The traditional method to render audio/video in browsers, which pre-dates their ability to handle video themselves, is to use a browser plug-in, either directly (for example VLC plugin) or (more commonly) to build on top of Flash (eg. Flowplayer) or Java (eg. Cortado). The exact mark-up required to use these players varies. Some will simply use the “embed” tag and others have JavaScript libraries to simplify their usage and allow for graceful degradation in the event that the browser does not have the correct plug-in and/or understand/run JavaScript. (This may be an issue when we deploy the interface into a reading room with machines we do not control the configuration of).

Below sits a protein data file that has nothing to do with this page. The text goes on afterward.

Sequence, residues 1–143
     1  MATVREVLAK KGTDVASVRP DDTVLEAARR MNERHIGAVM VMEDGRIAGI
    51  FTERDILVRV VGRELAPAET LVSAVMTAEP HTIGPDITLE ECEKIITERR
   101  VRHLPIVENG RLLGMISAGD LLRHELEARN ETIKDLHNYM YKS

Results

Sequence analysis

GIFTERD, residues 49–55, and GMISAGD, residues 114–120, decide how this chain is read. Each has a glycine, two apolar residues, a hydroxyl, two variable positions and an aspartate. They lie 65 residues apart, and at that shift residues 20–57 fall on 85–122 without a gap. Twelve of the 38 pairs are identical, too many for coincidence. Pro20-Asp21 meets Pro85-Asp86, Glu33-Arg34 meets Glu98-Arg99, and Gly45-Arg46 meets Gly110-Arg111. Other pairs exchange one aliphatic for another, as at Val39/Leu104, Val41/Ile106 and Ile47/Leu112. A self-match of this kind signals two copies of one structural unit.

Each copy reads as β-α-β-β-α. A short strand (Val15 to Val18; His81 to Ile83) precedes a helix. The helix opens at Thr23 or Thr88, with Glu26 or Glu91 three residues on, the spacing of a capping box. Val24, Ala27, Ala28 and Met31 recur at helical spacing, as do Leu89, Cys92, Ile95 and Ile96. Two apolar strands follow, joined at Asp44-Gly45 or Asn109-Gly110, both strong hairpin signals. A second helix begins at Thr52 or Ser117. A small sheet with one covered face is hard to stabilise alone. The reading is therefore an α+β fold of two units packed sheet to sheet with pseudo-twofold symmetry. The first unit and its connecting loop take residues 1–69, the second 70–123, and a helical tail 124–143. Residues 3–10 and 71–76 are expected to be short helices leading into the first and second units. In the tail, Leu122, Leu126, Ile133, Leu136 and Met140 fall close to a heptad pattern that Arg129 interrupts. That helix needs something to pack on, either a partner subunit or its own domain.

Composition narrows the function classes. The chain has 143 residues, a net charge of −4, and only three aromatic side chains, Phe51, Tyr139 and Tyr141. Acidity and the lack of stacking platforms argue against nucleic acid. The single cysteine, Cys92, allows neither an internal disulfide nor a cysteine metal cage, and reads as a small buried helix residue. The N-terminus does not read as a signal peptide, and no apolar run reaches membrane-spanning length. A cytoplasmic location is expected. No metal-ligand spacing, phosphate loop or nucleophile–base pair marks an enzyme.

But the times, they are a-changin’. Just as old browsers knew what to do when presented with an “img” tag, most modern browsers are beginning to support HTML5’s “video” and “audio” tags, allowing the browser itself to handle the playback rather than farming this out to a plug-in. (For more on HTML5 generally see this presentation – the video tag is mentioned at about 58 minutes in). As an added bonus of bringing video into the browser in this way is it has inspired folks to build media players that manipulate the Web page to add the correct mark-up, be it a video tag, an embed, or whatever to play the media. This is currently being used to generate some nice media players that’ll use the browser, the Flash-plugin, or whatever is available (see OpenVideoPlayer and OSMPlayer).